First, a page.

by Melanie Zuercher
NORTH NEWTON, KAN. – When Morgan Schrock walks across the platform to receive her diploma from Bethel College, she will be nearing the end of a journey that had more roadblocks than she might have imagined.
Schrock, of Hesston, will earn a Bachelor of Science in Nursing degree, with honors, and already has a job lined up in the medical-surgical unit at the University of Iowa Children’s Hospital in Iowa City.
But there was a time when she wondered if she’d ever see this day.
Schrock grew up in a Mennonite family, attending First Mennonite Church of Christian in Moundridge with her family for her first few years of life, and then Whitestone Mennonite Church after they moved to Hesston.
Her church’s and her parents’ teaching and example were a big part of why “I always wanted to help people,” she says.
However, when she thought about a future career, it wasn’t necessarily nursing – until, in her junior year at Hesston High School, Schrock’s mother, Rhonda, was diagnosed with breast cancer.
“The nurses who took care of her [at Newton Medical Center] were great,” Morgan Schrock says, “and that got me interested in nursing.”
After graduating from high school in 2012, Schrock went to Kansas Wesleyan University in Salina. For the first two years, she says, “everything went great.” She completed her prerequisites and was accepted into the nursing program as a junior.
Then, in her second semester, in spring 2015, “we began to notice things were different than in the first semester. We started to hear rumors that our program would lose its accreditation – but when we asked, our instructors would tell us, ‘We are in the middle of switching our accreditation.’
“[In late February 2015,] we were pulled into a meeting and told that, because of the switch, [the program] would be losing its accreditation as of the first of March.
“I felt hopeless. I didn’t know what to do. I called my mom and told her I’d have to find somewhere else to go to school, or else I’d have to work at Salina Regional Medical Center for the rest of my life, because they were the only ones who would now accept [our degree].”
Her mother suggested she look at several other area nursing programs. She did, but for a variety of reasons, they would have required her to go back almost to the beginning.
What Rhonda Schrock remembers is getting off the phone with her daughter, feeling helpless, and “saying a prayer” for things to somehow work out. She got in her car to run an errand – and heard a radio ad for the Bethel College nursing program.
“I knew it was God letting me know there were answers,” she says.
“My mom called me back and said, ‘What about Bethel?’,” Morgan Schrock recalls. “So I started looking at Bethel.”
Heather Moore, Bethel’s nursing admissions administrator, asked Schrock to send the syllabi for her current coursework at Kansas Wesleyan, “and they would figure everything out. They did – when and how I could take the classes I needed, what credits I already had that would transfer. It made the transfer painless.
“I was so relieved that I had a place to fall back on, that was willing to take me and where they cared about me as a [person], not just a number. I felt like I was actually on track again instead of set back three steps from where I wanted to be.”
Schrock was accepted into Bethel’s nursing program at the end of March, to start the following fall. Then on April 8, 2015, tragedy struck.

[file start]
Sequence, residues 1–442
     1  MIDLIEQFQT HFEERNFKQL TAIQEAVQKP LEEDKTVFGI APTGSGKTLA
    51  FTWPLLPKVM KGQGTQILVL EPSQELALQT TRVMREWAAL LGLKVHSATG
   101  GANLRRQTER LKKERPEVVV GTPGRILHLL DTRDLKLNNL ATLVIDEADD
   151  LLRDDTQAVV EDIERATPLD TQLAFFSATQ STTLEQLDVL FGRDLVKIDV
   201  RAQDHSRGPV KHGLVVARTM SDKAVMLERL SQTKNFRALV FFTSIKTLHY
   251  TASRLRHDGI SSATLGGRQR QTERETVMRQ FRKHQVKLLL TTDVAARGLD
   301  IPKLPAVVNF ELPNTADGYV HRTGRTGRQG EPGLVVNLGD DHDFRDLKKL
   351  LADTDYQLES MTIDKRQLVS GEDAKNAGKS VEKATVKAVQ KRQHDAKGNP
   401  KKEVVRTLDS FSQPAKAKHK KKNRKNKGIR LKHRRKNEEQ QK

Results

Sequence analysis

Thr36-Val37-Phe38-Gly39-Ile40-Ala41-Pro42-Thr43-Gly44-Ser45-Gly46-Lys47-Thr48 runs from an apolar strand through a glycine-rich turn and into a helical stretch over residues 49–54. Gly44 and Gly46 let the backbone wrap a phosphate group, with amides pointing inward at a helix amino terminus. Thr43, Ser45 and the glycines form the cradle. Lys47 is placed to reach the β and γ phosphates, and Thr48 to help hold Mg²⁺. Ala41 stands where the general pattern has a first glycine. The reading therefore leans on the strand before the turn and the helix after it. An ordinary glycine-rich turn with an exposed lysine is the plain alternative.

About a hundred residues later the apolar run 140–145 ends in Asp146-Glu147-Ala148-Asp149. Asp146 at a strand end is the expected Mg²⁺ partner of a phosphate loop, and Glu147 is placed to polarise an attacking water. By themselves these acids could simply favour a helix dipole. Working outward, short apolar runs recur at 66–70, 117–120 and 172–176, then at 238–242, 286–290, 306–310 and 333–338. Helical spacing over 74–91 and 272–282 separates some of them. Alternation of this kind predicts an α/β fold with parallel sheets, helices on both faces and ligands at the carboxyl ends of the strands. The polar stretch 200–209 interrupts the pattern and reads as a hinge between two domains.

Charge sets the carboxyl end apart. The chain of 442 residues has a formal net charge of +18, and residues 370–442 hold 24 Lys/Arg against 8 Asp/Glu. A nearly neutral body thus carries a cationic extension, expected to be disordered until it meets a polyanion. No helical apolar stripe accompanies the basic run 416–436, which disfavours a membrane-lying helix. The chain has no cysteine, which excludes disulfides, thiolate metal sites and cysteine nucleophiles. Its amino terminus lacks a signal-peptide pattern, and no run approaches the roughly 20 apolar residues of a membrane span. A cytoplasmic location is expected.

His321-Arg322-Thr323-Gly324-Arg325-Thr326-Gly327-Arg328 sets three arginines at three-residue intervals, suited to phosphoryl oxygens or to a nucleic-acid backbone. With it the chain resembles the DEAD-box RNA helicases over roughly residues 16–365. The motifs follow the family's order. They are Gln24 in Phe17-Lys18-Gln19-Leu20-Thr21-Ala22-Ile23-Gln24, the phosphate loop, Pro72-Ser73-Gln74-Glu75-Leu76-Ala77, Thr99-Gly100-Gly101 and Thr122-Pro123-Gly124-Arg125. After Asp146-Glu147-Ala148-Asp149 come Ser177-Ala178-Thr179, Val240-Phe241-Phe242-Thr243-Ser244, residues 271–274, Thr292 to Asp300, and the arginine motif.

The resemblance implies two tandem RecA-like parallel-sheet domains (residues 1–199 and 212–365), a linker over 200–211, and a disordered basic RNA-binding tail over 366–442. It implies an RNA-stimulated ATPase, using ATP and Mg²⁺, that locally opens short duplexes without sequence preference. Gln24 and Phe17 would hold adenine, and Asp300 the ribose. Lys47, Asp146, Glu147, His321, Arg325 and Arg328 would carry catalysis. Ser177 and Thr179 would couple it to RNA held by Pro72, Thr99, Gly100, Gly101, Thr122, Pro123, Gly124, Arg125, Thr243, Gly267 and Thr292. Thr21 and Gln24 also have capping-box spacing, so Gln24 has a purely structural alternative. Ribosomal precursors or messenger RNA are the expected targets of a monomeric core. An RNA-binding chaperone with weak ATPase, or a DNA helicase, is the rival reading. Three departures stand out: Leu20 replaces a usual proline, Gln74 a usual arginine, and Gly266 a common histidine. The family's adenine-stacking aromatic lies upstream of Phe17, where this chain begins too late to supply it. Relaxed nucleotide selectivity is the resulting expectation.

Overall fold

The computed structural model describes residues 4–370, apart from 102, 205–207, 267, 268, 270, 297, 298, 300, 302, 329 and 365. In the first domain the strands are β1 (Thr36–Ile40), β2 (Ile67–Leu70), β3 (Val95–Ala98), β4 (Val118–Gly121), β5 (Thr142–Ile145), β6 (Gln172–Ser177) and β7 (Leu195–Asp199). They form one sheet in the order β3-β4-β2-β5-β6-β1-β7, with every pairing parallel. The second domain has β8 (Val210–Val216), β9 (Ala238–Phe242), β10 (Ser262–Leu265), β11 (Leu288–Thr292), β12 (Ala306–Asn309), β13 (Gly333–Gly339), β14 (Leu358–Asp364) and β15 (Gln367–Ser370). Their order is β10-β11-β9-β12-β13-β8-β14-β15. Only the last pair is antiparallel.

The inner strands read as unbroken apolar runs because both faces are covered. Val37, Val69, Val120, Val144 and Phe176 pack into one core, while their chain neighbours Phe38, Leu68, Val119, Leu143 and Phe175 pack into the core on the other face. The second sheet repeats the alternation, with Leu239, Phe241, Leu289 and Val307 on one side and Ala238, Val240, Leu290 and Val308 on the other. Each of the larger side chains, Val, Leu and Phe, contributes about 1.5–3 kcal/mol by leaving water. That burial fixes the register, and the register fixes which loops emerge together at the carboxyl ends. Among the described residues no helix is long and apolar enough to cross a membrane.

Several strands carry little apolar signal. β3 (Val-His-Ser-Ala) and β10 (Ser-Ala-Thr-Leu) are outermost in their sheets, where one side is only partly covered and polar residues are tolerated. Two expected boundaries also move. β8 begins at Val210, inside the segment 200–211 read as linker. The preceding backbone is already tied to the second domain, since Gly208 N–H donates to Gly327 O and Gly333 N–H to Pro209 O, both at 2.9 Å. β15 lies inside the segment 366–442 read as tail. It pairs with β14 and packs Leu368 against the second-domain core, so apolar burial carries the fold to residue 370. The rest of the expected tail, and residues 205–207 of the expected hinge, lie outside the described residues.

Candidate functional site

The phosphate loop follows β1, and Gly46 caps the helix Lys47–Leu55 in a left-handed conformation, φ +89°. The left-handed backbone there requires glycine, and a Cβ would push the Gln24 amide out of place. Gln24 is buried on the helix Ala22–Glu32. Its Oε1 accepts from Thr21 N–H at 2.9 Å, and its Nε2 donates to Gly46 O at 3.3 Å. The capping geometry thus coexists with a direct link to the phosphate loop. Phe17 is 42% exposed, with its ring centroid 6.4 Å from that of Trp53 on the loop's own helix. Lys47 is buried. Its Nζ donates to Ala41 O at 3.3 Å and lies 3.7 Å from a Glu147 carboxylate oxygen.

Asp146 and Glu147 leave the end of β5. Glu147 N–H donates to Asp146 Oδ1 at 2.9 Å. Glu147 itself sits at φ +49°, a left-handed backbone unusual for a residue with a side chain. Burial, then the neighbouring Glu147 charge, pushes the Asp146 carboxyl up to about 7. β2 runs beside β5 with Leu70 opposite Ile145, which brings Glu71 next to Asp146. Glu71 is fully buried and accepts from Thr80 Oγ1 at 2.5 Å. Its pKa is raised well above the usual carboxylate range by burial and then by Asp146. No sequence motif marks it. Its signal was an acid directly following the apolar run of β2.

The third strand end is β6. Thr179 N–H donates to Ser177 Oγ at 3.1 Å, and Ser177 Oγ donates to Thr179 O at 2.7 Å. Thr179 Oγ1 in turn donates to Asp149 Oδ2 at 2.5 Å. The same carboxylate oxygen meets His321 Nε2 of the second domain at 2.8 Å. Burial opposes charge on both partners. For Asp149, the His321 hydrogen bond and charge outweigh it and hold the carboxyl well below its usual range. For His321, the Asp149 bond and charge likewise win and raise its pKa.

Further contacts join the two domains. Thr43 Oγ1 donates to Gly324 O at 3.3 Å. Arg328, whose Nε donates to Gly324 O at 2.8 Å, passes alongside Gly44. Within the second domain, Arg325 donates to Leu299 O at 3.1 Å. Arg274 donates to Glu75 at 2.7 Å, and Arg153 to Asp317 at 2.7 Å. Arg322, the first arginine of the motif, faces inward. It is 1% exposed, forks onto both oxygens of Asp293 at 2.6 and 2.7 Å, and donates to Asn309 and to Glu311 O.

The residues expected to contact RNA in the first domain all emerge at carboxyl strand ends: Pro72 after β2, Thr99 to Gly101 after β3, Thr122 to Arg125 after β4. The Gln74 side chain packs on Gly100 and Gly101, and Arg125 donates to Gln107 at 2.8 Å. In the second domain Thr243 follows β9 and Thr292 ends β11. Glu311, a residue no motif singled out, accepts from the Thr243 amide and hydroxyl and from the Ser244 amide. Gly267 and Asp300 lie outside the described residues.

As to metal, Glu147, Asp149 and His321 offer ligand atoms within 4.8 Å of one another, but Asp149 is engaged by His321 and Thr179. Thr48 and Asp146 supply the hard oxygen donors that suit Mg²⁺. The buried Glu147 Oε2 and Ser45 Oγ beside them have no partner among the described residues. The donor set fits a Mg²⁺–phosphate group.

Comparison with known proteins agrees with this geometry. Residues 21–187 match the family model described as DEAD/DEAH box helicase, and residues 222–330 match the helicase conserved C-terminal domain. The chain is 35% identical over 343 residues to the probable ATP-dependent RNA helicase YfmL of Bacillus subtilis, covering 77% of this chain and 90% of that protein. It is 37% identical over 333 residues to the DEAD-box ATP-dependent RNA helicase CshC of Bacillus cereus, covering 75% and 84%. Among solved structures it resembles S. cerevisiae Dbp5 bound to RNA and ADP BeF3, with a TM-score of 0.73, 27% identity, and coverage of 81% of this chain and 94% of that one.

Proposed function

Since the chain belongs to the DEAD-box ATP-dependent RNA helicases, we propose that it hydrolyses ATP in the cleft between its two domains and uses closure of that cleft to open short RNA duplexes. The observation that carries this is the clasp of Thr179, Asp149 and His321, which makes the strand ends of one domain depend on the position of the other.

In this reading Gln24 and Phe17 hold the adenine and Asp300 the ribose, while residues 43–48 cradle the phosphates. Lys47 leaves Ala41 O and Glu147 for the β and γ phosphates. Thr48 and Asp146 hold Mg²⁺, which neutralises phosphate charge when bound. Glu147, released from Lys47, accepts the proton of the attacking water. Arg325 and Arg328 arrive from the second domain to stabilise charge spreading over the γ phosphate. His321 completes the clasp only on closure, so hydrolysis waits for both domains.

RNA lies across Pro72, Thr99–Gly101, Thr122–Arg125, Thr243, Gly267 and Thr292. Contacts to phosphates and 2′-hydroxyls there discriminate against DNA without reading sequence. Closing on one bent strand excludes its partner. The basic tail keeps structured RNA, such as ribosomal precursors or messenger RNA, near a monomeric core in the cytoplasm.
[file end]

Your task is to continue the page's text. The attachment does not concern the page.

Schrock’s father, John Schrock, was driving a semi-trailer and had an accident near McPherson in which the truck rolled over and caught fire. John Schrock was killed, leaving his wife and two daughters (Morgan and her sister Kaitlyn).
“My teachers [at KWU] were willing to give me incompletes, because I didn’t think I would come back,” Schrock says, “but then I did. I finished it out, because I knew that’s what he would have wanted me to do. His famous line was ‘Suck it up, Buttercup’ – I know that’s what he would have said.”
Schrock – and, as it turned out, about 15 of her KWU classmates – took a summer course at Bethel that the department organized especially for them, so they could start with the senior nursing class in the fall.
However, Schrock decided to take the fall 2015 semester off. “After the summer class, and all that had happened, I realized I needed a break,” she says.
Though most of her nursing classmates from KWU graduated last spring, three others also elected to take a semester off and will graduate with her in the Class of 2017 – Heather Dovenbarger, Kersey, Colorado, Blake Samskey, Salina, and Carrie Weigand, Madera, California.
Although Schrock’s father won’t be in the Thresher Stadium stands to watch her graduate May 21, it seems he is still looking out for her.
When she began applying for nursing jobs, she looked at openings in the south-central Kansas area, but didn’t get any calls back.
Her extended family comes from the east-central Iowa area, near Iowa City. “Once, after I had decided I wanted to be a nurse, my family was up there visiting, and we drove by the university hospital,” Schrock says. “My dad said, ‘When you’re looking for a job, don’t forget this hospital. It’s a great hospital.’
“When I applied there, I got two job offers.”
Bethel College is the only private, liberal arts college in Kansas listed in the 2016–17 Forbes.com analysis of top colleges and universities in the United States. The four-year liberal arts college is affiliated with Mennonite Church USA. For more information, see www.bethelks.edu.
Bethel College does not discriminate on the basis of race, color, religion, creed, age, gender, sexual orientation, parental or marital status, gender identity, gender expression, medical or genetic information, ethnic or national origins, citizenship status, veteran or military status or disability. E-mail questions to TitleIXCoordinator@bethelks.edu.